April is Irritable Bowel Syndrome (IBS) Awareness Month, a month dedicated to IBS diagnosis, treatment and overall improvement in quality of life. IBS is a functional disorder of the gut where the gastrointestinal system does not function as it should. It is not curable, making dealing with IBS management a lifelong issue. For people with IBS, food doesn’t digest the same as it does for others, and it doesn’t process the same once digested. This may be caused by erratic nerve transmissions within the gut, improper immune function, changes in gut bacteria, and/or abnormalities in gut motility.
IBS affects people’s everyday lives for those who have it, day in and day out. This alone creates extreme stress and anxiety, and it can even affect a person’s social life and work schedule on bad days. Most people deal with extremes when it comes to IBS. Gut movements are too slow or too fast which causes extreme pain, gas, bloating, constipation, diarrhea, or alternating constipation and diarrhea. Even eating can seem like a chore and create stress for people with IBS because when they eat, many times they get sick. However, all is not lost. With helpful lifestyle tips that are practiced consistently, patients can experience relief and manage symptoms.
How to Manage IBS Symptoms and Anxiety with Lifestyle and Nutrition
Committing to a healthy lifestyle and symptom management can assist with the reduction of flare-ups. Prevention, preparation, and self-care are key. Those that have IBS or someone you know with IBS may benefit from the following tips. Taking care of your gut can do wonders for your health!
1. Preparation is Key
We know there is a strong connection between the gut and the brain (known as the gut-brain axis), and the gut can react under stress causing IBS symptoms to flare. For this reason, preparation is the number one thing to remember when living with IBS. Most people have more issues in the morning than any other time of day, which can be caused by slow digestion from the previous night, or by the stress of hectic morning schedules. Think about how you would prepare yourself for the first day of a new job and take those same steps on a daily basis if you have IBS. For example, eat a dinner you know will digest well for you the night before a workday, lay out your clothes the night before, and even take a day on the weekend to prepare meals that are safe for you to eat so you have as little to worry about each morning as much as possible. These steps can help set you up for less stress and success.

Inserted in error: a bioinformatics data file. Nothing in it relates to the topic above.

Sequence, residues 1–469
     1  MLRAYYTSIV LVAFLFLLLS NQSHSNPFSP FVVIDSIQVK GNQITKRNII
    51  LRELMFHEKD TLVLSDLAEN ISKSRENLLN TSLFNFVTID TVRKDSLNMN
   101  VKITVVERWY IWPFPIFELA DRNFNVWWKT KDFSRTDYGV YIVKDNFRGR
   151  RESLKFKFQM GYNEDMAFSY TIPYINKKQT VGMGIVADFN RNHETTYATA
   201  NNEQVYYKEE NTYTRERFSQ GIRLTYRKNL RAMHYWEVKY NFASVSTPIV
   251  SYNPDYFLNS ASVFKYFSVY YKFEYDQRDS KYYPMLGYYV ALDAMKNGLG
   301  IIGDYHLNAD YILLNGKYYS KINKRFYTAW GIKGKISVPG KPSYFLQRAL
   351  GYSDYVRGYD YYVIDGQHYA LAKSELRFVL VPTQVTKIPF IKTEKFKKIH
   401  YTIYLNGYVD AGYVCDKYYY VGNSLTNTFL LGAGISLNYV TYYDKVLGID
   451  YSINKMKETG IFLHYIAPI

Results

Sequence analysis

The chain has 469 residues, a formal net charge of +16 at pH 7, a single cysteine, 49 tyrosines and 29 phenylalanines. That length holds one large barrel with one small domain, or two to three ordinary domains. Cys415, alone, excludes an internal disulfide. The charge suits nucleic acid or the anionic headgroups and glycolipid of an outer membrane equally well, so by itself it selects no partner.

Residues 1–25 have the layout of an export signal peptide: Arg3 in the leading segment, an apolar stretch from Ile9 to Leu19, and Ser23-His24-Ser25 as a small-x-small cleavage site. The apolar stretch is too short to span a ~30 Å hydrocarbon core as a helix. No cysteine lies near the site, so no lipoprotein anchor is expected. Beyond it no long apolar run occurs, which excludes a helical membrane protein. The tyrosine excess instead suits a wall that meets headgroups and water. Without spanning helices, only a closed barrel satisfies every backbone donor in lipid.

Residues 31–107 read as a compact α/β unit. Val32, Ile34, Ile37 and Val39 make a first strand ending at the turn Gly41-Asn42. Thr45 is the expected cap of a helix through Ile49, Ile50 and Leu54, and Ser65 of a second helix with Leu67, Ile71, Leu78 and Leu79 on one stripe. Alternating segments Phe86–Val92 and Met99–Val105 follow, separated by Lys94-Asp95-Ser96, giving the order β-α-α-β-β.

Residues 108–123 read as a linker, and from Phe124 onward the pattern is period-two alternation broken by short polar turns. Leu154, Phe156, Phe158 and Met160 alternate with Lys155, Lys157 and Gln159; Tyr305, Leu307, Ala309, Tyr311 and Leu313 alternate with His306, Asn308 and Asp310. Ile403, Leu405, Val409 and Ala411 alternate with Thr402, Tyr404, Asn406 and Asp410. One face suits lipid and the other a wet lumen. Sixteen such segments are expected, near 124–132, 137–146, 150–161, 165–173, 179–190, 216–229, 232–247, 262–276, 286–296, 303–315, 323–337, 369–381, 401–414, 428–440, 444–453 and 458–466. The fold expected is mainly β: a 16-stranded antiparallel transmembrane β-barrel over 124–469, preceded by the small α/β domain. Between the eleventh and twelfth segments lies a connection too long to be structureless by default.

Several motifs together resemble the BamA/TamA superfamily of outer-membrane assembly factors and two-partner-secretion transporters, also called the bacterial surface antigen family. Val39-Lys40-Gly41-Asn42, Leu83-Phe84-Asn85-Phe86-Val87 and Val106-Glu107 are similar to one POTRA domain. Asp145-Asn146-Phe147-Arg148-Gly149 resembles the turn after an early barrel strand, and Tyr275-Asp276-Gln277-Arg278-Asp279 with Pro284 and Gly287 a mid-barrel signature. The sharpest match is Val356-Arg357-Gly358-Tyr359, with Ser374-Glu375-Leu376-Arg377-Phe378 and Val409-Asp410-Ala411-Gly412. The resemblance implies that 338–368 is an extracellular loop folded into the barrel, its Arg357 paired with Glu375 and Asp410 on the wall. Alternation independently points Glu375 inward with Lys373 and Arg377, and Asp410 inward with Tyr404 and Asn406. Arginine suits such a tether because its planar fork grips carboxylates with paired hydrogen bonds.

2. Safe Foods: Know Your Fiber, Fats, and Fermented Foods
Over time, those with IBS learn, for the most part, which foods upset their system and which ones don’t. However, there are specific foods, nutrients or categories that you may need to pay closer attention to or which have different benefits. Below are some useful tips surrounding three of these categories: fiber, fats, and fermented foods.
Fiber is essential to IBS management as it offers a wealth of benefits to our digestion and is important for a healthy gut. There are two types of fiber, insoluble and soluble, that make up all plant foods including fruits, vegetables, whole grains, beans, nuts and seeds. While fiber tolerance can vary between individuals, knowing the difference between the two and incorporating into your IBS plan can help in management of symptoms.